Birth of Cool-- Iggy Pop.
Where Danzig fears to tread, Iggy Pop charges (or moseys, judging by his demeanor in this video press release) into the fray.
Expressing contempt for the very behaviors for which Pop drafted manifestos ("idiot thugs with guitars banging out crappy music"), Pop released a video trailer, announcing his love of Jelly Roll Morton, his affection for quiet ballads, and the pending release of his debut jazz album Preliminaires.
Of course, Pop's time with the Stooges is nigh inviolate. The man invented punks, stage diving, and on-stage self-desecration, and, unlike those who followed the Stooges, the discography he left behind is of uncommon worth and continuing influence.
But there was a time in the not-too-distant past when Pop himself would easily have qualified as a hood with a microphone, pounding out albums that were sonic migraines for everyone outside a small, mohawked few, hell-bent on finding something to love in a musical corner regarded by the public at large as an aural urinal (hello, Lester Bangs).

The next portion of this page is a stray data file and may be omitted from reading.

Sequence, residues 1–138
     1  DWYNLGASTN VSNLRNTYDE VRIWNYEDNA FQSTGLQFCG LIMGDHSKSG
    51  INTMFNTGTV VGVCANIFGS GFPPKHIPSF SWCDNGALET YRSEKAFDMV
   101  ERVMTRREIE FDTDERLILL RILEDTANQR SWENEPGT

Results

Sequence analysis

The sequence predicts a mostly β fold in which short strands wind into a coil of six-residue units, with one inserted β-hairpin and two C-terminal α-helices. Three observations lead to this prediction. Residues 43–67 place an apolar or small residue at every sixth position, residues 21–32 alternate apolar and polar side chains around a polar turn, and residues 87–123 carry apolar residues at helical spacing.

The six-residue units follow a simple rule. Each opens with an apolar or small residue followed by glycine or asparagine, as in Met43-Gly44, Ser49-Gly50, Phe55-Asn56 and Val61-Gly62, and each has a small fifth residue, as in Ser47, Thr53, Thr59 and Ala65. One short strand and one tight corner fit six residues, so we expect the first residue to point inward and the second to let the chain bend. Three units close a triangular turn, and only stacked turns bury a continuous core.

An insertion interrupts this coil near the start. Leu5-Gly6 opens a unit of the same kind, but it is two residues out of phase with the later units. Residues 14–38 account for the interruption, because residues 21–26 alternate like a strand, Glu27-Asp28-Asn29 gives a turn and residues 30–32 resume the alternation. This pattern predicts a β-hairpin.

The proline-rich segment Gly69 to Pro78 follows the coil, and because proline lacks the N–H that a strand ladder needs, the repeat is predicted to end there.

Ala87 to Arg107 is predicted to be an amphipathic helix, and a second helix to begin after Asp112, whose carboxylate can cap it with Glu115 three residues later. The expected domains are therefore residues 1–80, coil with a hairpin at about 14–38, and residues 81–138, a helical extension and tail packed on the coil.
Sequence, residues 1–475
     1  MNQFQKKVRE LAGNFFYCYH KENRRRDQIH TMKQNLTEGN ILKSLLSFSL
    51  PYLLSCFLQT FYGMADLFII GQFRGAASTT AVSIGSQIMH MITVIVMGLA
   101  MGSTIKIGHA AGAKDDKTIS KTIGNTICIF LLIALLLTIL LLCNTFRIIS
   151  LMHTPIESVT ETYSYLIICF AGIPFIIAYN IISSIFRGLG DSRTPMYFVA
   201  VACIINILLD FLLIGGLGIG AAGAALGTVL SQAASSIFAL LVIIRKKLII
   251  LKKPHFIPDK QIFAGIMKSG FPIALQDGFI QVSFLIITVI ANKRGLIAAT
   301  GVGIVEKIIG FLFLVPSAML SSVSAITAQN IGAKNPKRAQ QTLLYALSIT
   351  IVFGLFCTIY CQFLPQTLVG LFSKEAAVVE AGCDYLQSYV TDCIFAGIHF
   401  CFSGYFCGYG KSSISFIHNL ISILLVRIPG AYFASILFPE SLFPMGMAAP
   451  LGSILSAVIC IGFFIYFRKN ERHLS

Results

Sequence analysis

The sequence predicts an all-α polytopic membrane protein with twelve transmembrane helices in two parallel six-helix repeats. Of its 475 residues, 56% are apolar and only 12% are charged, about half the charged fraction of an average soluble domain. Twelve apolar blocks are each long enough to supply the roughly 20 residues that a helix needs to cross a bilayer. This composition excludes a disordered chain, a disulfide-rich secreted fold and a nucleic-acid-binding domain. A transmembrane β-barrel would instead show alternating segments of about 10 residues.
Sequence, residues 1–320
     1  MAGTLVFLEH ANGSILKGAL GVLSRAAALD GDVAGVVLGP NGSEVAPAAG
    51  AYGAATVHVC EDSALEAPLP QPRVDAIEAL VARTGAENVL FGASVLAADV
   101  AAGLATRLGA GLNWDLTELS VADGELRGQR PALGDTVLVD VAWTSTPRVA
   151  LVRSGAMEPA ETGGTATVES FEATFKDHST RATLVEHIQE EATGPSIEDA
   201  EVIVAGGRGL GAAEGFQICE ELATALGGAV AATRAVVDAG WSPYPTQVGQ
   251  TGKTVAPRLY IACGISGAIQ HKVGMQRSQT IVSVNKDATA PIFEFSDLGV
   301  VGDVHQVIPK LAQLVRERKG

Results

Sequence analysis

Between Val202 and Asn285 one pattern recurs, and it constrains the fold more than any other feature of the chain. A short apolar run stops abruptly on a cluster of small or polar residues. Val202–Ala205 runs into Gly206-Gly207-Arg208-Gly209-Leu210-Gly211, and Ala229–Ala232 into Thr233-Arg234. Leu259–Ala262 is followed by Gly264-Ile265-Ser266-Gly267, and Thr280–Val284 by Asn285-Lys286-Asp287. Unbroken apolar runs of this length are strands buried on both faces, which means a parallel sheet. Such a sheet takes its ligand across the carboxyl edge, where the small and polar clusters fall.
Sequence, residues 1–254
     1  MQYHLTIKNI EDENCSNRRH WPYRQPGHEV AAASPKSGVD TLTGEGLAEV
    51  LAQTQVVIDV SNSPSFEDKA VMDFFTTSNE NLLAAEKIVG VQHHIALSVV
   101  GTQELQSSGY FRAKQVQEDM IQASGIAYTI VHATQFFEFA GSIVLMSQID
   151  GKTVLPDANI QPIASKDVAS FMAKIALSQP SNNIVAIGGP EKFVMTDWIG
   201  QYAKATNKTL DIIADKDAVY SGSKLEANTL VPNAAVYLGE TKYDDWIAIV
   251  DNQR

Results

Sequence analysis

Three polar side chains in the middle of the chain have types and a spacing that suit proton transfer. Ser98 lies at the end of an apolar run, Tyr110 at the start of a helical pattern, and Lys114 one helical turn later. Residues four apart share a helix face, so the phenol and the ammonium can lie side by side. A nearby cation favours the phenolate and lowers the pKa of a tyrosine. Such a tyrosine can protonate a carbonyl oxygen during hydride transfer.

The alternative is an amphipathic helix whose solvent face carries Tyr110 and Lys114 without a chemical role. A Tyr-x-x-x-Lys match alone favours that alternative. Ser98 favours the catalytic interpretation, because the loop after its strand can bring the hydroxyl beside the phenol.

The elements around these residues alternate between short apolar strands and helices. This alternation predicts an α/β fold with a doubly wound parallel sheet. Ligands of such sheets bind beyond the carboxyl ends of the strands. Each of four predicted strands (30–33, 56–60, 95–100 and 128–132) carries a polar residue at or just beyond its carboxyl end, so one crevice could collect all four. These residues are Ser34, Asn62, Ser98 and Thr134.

What will Pop do to jazz? Likely, the same thing Danzig did to classical (see Black Aria) and Dee Dee Ramone did to rap music (see Standing in the Spotlight). It's not necessarily a slight to the punk genre that artists within it usually make a stinky mess of whatever genre they attempt to enter when the bloom of youth fades. But it's not exactly a credit, either.
Pop's credentials as a jazz composer? He "loves jazz" (something straight out of www.stuffwhitepeoplelike.com), and is a big fan of controversial French author Michel Houellebecq. It's basically how Miles Davis got his start, so who knows? In my book, the co-composer of China Girl gets free rain to sweat on any genre within range.